My two middle children have been writing out the definitions of the eight parts of speech, as well as the list of prepositions used in CC (thankfully, they're coming off a year of heavy work with prepositions and prepositional phrases, so the list is merely a longer version of one they had previously memorized at home.) They are also continuing with math and daily drills.
My 5 year old has begun his Kindergarten math curriculum (we use Math-U-See), and is doing some light phonics and sounding out C-V-C words. All four are reading at least 30 minutes per day, the middle children read a page out loud to me, and the youngest listens to stories and sounds out some words in the text as we go.
So, what else can I do to prepare? Well, I'm reading Leigh Bortins'The Core, a book I would highly suggest any "homeschooling" parent read. (To be sure, all parents, who take a committed interest in their children's educations, homeschool to some extent, regardless of the schooling option they've chosen.) This book is literally filled with terrific practical suggestions on how to take advantage of the way the brain learns, to challenge our children to their fullest potential in their school work (or after-school work), and on how to make learning a priority in daily life at home.
I'm also tracking down resources to supplement our weekly history and science focus at CC. We already have many on hand (ie. Story of The World volumes and Mystery of History volumes). But we will also fill our book basket with living books from the library so the children can "sample and feast on" a variety of coordinated books each week.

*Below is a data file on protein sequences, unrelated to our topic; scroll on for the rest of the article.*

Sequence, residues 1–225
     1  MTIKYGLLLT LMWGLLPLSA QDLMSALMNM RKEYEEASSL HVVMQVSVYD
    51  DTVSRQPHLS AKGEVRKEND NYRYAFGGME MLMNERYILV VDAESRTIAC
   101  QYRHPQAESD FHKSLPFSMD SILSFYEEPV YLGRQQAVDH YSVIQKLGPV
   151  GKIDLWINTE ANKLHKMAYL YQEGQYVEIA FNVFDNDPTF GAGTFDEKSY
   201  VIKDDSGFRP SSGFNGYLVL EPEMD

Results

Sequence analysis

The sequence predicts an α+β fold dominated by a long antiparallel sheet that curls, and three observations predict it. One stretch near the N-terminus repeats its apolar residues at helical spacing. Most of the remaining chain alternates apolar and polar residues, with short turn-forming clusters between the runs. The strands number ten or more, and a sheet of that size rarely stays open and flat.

I've already met several wonderful people from our CC community this summer, and have joined a book club based on The Core, to gain insight from others in the group as well. And yet...our new venture must simply begin to unfold.
And so we anticipate as August 20th quickly approaches. Olivia will begin Challenge A on that day. I plan to sit in on her first two weeks, to get a feel for her days so I can better assist her in adjusting at home. After that, my time will be divided to my other children's classrooms as well. Her siblings start 3 weeks later. We've officially made the transition to year-round schooling, so we'll all be busy doing something of educational value in the midst of our waiting.
If you are using Classical Conversations for the coming year, especially if it's your first year, I'd love to hear how your plans are going. Leave me a link in comments and I'll be sure to visit.
Live wise in Him!
Saturday, June 9, 2012
Live wise in Him!
Monday, June 4, 2012
We also enjoyed a fun-filled day of rafting and water slides at Big Surf waterpark. Olivia spent the entire 6 hours on her raft, becoming quite the "surfer", while the younger children preferred the water slides. This park is part of my childhood and I hadn't been back in 33 years. I was pleasantly surprised at how well it has been maintained and how much it's grown. We were blessed to get a very sizable discount by providing three food donation items (each) when we bought our tickets. Win-win.
Live wise in Him!